November 26, 2022

Tigrayans “starving to death” in Ethiopia and “giving them food is more important than medicine”, laments WHO chief Tedros

World Health Organization (WHO) Director General Tedros Adhanom Ghebreyesus speaks at a special session of the World Health Assembly on Monday, November 29, 2021.
World Health Organization (WHO) Director General Tedros Adhanom Ghebreyesus speaks at a special session of the World Health Assembly on Monday, November 29, 2021.

The World Health Organization Director General Tedros Adhanom Ghebreyesus lamented on Wednesday that people in the Tigray region of Ethiopia are “starving to death” and are now in need of food more than medicine.

Speaking at a press briefing in Geneva, Switzerland, Dr. Ghebreyesus called for an end to the humanitarian blockade in the region, 500 days since the siege on Tigray began, warning that the situation is so bad that “people are starving to death” and “giving them food is more important than medicine.”

The WHO chief said the Ethiopian government has granted access into the region, but much more is needed. He said only 4 percent of Tigray’s medical needs have been supplied so far.

“Although Ukraine is rightly the focus of the world’s attention, it’s important that we don’t lose sight of the many other crises in which people are suffering,” he said. “Last week, I spoke about the humanitarian disaster in Tigray, and that WHO was still waiting for permission to send an additional 95 metric tonnes of medical supplies. Since then, permission has been granted. If we can deliver these supplies safely, they will help people in desperate need, but much more is needed. So far, only 4% of the needs for health supplies have been delivered to Tigray. That is insignificant.”

The WHO chief added that “the region has been under siege for almost 500 days, with dire shortages of fuel and food. People are starving to death. Actually, giving them food is more important than medicine. We continue to call on Ethiopia and Eritrea to end the blockade.”

Dr. Michael J. Ryan, an Irish doctor and Chief Executive Director of the WHO Health Emergencies Program called for an “unfettered access” into Tigray and Ukraine.

The conflict in Ethiopia seems to have taken a back seat in U.S. foreign policy agenda as the war in Ukraine rages on.

Peace has remained elusive in Ethiopia since a conflict between Ethiopian federal forces and the Tigray People’s Liberation Front (TPLF) exploded on November 4, 2020. Thousands of people have been killed and hundreds of thousands remain at an increased risk of famine.

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At some point, it appeared as though both sides were ready for negotiations, but as months went by and a new U.S. envoy was appointed, hope has continued to fade.

This week, the United States Special Envoy for the Horn of Africa David Satterfield visited Ethiopia March 21-22 to meet the Ethiopian government, African Union (AU), and United Nations officials, as well as representatives of humanitarian organizations.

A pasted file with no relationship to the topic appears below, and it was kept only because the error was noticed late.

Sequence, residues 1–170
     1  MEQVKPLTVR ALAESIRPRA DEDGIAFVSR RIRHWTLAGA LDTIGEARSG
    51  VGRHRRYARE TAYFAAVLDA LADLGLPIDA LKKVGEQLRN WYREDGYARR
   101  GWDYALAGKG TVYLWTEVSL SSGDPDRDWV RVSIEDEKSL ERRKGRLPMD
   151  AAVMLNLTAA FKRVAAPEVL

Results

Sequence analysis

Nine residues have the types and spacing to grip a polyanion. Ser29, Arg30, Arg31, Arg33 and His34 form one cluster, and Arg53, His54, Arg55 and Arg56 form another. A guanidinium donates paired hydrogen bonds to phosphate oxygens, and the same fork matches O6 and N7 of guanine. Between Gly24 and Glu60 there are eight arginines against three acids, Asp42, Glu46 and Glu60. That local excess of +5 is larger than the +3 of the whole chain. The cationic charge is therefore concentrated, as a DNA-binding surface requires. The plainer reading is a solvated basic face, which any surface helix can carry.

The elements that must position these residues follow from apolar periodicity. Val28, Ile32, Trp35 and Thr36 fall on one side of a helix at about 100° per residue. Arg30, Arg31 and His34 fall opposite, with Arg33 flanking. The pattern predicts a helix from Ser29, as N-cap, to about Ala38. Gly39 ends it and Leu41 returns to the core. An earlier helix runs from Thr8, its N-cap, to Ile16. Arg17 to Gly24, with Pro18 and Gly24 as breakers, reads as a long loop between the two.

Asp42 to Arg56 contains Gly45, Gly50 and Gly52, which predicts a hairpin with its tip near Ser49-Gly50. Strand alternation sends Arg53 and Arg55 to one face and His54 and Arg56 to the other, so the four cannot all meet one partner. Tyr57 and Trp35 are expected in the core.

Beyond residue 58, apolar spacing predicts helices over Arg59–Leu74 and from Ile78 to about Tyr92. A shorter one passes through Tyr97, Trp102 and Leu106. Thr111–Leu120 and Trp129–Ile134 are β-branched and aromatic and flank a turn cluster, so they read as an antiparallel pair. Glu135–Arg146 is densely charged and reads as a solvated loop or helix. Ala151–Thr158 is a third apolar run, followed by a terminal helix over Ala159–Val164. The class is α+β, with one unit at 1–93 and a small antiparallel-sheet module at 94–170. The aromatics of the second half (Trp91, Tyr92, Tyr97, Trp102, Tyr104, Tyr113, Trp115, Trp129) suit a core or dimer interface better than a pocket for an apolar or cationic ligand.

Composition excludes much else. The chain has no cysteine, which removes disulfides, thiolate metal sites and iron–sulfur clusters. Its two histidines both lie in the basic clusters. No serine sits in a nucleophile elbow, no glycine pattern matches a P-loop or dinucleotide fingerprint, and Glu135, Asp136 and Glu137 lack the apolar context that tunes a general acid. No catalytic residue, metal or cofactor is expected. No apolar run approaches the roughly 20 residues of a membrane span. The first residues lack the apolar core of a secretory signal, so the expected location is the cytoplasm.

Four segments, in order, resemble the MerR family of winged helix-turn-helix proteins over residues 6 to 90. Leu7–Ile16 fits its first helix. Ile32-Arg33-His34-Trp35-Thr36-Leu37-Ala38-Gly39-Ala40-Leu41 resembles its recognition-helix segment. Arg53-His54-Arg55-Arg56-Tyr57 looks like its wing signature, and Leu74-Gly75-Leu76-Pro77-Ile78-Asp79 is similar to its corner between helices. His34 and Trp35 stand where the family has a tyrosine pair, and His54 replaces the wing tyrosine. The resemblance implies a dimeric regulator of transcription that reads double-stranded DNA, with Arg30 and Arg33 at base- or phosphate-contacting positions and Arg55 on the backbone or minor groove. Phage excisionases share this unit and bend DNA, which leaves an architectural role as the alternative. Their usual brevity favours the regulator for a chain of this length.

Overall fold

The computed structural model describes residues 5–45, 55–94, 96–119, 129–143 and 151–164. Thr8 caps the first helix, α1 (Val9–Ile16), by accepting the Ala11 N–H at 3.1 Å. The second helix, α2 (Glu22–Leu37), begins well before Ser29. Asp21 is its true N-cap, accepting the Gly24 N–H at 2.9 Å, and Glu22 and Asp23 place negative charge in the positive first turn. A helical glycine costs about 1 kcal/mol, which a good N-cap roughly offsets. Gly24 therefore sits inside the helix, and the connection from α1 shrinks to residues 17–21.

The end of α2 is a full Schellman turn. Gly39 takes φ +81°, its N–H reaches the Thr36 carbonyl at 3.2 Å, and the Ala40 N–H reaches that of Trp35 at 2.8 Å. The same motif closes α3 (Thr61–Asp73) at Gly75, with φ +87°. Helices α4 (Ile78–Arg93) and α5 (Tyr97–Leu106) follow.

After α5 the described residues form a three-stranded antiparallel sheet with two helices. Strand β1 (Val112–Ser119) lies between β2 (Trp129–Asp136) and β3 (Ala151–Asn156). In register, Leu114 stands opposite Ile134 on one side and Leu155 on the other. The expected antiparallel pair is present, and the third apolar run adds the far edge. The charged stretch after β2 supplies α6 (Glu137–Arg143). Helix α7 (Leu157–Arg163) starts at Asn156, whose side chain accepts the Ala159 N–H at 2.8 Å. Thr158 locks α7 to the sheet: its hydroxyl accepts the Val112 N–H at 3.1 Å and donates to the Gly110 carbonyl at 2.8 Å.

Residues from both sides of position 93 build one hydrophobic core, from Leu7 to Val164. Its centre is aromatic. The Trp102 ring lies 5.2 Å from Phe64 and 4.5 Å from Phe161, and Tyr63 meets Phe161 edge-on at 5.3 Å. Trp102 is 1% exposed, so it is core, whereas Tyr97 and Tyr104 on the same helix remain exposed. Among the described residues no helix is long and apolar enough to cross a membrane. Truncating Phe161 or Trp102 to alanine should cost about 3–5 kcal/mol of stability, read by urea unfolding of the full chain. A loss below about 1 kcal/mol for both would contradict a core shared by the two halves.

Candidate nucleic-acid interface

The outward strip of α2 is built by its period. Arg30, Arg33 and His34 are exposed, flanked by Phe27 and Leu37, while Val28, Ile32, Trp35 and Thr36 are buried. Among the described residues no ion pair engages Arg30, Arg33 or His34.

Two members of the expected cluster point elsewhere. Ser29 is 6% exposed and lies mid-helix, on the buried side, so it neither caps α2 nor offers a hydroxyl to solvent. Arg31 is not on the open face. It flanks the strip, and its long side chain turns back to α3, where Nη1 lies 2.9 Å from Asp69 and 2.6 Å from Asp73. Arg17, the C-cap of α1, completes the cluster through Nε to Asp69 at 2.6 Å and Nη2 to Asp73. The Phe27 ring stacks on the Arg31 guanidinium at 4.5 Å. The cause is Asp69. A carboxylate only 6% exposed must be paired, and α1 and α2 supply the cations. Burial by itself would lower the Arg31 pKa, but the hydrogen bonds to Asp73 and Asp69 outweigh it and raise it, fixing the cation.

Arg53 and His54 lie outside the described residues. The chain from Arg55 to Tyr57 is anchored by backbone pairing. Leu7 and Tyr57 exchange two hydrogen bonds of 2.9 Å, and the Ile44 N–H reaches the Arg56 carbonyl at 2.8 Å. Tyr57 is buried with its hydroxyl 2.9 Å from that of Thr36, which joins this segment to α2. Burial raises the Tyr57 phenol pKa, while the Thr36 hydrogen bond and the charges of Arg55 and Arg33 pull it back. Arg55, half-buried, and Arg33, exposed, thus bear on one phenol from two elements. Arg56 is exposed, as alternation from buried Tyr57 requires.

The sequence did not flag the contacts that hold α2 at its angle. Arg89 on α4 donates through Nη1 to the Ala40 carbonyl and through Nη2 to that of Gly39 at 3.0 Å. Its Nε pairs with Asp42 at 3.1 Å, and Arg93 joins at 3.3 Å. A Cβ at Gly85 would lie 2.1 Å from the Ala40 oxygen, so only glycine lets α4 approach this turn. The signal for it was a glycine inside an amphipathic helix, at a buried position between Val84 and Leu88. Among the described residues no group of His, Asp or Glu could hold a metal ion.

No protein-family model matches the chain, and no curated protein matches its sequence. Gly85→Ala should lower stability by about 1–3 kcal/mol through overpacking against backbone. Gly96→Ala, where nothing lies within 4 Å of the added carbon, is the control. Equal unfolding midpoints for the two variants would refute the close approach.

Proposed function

On Monday, Satterfield met with AU High Representative for the Horn of Africa and former Nigerian President Olusegun Obasanjo and AU Commissioner for Political Affairs, Peace and Security Bankole Adeoye to discuss engagement on regional affairs, including Sudan and Ethiopia, the State Department said in a statement.

W.H.O. calls for help for Ukraine

Ukrainians fleeing Ukraine following Russia’s invasion © WHO / Kasia Strek

Dr. Ghebreyesus also called for help for Ukraine, saying that almost 10 million people have been forcibly displaced from Ukraine and the humanitarian situation continues to worsen.

He said, “It’s now one month since the Russian Federation invasion of Ukraine began. Almost 10 million people, nearly a quarter of Ukraine’s population, have now been forcibly displaced.

“The humanitarian situation continues to deteriorate in many parts of the country, and is critical in the Mariupol and Bucha districts.

“The disruption to services and supplies throughout Ukraine is posing an extreme risk to people with cardiovascular disease, cancer, diabetes, HIV and TB, which are among the country’s leading causes of mortality. 

“Displacement, poor shelter, and overcrowded living conditions caused by the conflict are also increasing the risk of diseases such as measles, pneumonia and polio, as well as COVID-19. 

“So far, WHO has delivered about 150 metric tonnes of medical supplies.

“We have established supply lines from our warehouse in Lviv to many cities in Ukraine, but access to many parts of the country remains blocked.

“A humanitarian convoy to Mariupol was not able to be dispatched due to insecurity.

“We continue facing serious cash-flow constraints in our ability to deliver life-saving support.

“So far, WHO has received just 9.6 million US dollars against our appeal for 57.5 million dollars over the next three months.

“We thank Norway, Switzerland and the UN Central Emergency Response Fund for their generosity, but we continue to face a huge funding gap that prevents us from delivering urgently needed medical supplies.

“We call on donors to quickly address these urgent needs.

“WHO has now verified 64 attacks on health care since the start of the war, and we are in the process of verifying further attacks.

“Attacks on health must stop. Health systems, facilities and health workers are not – and should never be – a target. 

“We also have concerns around the integrity and safe operation of nuclear and chemical facilities.

“WHO is working with the International Atomic Energy Agency, and we continue to call on all sides to minimise the risk of a nuclear or chemical accident, which could have catastrophic consequences for human health.

“We continue to call on the Russian Federation to stop the war.”

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